Volume 481, Number 3, April III 2008
|Page(s)||777 - 797|
|Published online||09 January 2008|
Quantitative studies of the optical and UV spectra of Galactic early B supergiants*
I. Fundamental parameters
Department of Physics & Astronomy, University College London, Gower Street, London WC1E 6BT, UK e-mail: [scs;rkp]@star.ucl.ac.uk
2 SGT, Inc., Code 665.0, Nasa Goddard Space Flight Center, Greenbelt, MD 20771, USA e-mail: firstname.lastname@example.org
3 Department of Physics & Astronomy, The Queen's University of Belfast, BT7, 1NN, Northern Ireland, UK e-mail: email@example.com
Accepted: 3 January 2008
Aims. We undertake an optical and ultraviolet spectroscopic analysis of a sample of 20 Galactic B0-B5 supergiants of luminosity classes Ia, Ib, Iab, and II. Fundamental stellar parameters are obtained from optical diagnostics and a critical comparison of the model predictions to observed UV spectral features is made.
Methods. Fundamental parameters (e.g., , , mass-loss rates and CNO abundances) are derived for individual stars using CMFGEN, a nLTE, line-blanketed model atmosphere code. The impact of these newly derived parameters on the Galactic B supergiant scale, mass discrepancy, and wind-momentum luminosity relation is examined.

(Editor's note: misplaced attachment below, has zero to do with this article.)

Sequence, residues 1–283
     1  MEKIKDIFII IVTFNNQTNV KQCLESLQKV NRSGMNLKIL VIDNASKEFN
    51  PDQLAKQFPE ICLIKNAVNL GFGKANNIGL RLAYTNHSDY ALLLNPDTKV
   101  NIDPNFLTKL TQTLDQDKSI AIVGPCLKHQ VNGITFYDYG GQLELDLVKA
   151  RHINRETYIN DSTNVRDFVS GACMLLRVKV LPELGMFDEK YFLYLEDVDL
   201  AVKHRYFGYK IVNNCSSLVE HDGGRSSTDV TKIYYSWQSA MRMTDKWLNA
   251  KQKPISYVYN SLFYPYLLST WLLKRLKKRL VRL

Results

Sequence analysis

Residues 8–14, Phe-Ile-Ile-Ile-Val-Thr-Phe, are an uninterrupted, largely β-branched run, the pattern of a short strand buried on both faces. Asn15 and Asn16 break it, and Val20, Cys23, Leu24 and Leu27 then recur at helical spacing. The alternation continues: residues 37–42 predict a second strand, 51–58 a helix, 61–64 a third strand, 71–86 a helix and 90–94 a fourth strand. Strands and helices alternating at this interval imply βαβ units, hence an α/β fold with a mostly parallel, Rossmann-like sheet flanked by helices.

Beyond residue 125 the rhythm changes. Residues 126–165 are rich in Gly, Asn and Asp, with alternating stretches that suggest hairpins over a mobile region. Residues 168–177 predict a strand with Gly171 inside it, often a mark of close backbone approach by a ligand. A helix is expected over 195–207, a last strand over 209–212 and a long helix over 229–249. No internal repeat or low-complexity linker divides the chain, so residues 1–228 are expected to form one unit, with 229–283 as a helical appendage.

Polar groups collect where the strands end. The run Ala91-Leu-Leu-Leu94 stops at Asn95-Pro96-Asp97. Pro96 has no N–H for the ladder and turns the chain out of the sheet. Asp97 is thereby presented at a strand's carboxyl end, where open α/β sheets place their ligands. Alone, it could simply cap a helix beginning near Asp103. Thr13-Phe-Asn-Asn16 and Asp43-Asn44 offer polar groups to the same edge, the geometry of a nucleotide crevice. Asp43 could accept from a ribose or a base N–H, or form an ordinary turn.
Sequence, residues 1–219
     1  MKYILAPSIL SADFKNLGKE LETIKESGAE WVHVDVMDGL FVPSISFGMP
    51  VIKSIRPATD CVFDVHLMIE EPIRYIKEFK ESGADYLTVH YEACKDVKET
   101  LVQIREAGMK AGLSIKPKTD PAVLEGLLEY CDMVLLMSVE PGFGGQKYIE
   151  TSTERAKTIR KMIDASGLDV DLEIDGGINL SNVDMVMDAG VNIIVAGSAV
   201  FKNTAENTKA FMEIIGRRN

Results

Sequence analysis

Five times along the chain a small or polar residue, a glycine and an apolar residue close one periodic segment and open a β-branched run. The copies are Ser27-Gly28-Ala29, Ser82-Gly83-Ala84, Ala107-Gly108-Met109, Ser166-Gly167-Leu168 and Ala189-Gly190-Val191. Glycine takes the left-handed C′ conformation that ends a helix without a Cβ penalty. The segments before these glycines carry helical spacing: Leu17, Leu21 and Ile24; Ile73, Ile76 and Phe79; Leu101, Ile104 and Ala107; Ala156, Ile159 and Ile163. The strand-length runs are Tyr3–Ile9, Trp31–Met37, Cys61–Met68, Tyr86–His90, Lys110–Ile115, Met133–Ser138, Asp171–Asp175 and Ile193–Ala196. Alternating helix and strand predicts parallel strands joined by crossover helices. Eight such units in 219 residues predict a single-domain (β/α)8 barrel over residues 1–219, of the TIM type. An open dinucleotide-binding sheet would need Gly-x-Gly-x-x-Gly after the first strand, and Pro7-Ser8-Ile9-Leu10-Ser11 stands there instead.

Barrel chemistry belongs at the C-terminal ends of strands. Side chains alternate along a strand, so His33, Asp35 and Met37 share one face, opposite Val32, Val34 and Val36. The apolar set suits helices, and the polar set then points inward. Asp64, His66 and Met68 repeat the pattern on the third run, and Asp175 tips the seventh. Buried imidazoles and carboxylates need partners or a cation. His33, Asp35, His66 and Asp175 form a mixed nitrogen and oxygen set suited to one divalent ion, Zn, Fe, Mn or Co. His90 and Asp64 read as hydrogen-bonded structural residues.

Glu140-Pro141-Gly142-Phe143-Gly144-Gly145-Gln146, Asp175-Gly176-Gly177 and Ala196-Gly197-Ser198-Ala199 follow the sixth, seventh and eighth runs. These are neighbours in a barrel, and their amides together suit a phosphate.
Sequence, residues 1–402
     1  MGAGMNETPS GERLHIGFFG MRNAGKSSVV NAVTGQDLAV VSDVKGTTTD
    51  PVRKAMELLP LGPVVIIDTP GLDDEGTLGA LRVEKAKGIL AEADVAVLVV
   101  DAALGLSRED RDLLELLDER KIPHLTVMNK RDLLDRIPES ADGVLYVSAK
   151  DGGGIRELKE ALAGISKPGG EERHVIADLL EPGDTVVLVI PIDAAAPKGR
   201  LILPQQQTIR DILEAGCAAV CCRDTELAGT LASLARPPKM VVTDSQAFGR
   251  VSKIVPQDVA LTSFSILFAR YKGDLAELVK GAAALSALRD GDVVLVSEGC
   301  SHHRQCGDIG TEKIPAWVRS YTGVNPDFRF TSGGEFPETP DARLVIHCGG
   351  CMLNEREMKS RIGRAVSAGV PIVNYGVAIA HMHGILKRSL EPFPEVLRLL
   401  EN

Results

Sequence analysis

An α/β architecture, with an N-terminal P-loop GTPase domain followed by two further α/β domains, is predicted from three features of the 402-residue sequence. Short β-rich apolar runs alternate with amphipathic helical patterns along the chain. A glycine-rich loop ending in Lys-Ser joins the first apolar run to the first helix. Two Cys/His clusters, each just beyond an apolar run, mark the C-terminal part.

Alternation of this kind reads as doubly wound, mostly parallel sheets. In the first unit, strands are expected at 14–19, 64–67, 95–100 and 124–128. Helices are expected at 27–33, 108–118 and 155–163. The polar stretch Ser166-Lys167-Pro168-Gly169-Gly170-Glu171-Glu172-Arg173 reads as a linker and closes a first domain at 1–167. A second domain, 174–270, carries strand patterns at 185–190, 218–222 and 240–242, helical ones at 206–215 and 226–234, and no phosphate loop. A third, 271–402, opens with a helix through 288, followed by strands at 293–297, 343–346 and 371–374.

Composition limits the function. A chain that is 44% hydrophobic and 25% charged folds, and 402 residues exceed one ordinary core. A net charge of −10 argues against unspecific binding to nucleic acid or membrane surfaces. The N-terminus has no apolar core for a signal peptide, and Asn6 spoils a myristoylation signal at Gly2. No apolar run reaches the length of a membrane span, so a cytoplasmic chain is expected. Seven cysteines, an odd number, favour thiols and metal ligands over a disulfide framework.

Results. The B supergiant temperature scale derived here shows a reduction of about 1000-3000 K compared to previous results using unblanketed codes. Mass-loss rate estimates are in good agreement with predicted theoretical values, and all of the 20 B0-B5 supergiants analysed show evidence of CNO processing. A mass discrepancy still exists between spectroscopic and evolutionary masses, with the largest discrepancy occurring at ~ 5.4. The observed WLR values calculated for B0-B0.7 supergiants are higher than predicted values, whereas the reverse is true for B1-B5 supergiants. This means that the discrepancy between observed and theoretical values cannot be resolved by adopting clumped (i.e., lower) mass-loss rates as for O stars. The most surprising result is that, although CMFGEN succeeds in reproducing the optical stellar spectrum accurately, it fails to precisely reproduce key UV diagnostics, such as the and P Cygni profiles. This problem arises because the models are not ionised enough and fail to reproduce the full extent of the observed absorption trough of the P Cygni profiles.
Conclusions. Newly-derived fundamental parameters for early B supergiants are in good agreement with similar work in the field. The most significant discovery, however, is the failure of CMFGEN to predict the correct ionisation fraction for some ions. Such findings add further support to revising the current standard model of massive star winds, as our understanding of these winds is incomplete without a precise knowledge of the ionisation structure and distribution of clumping in the wind.
Key words: techniques: spectroscopic / stars: mass-loss / stars: supergiants / stars: abundances / stars: atmospheres / stars: fundamental parameters
© ESO, 2008
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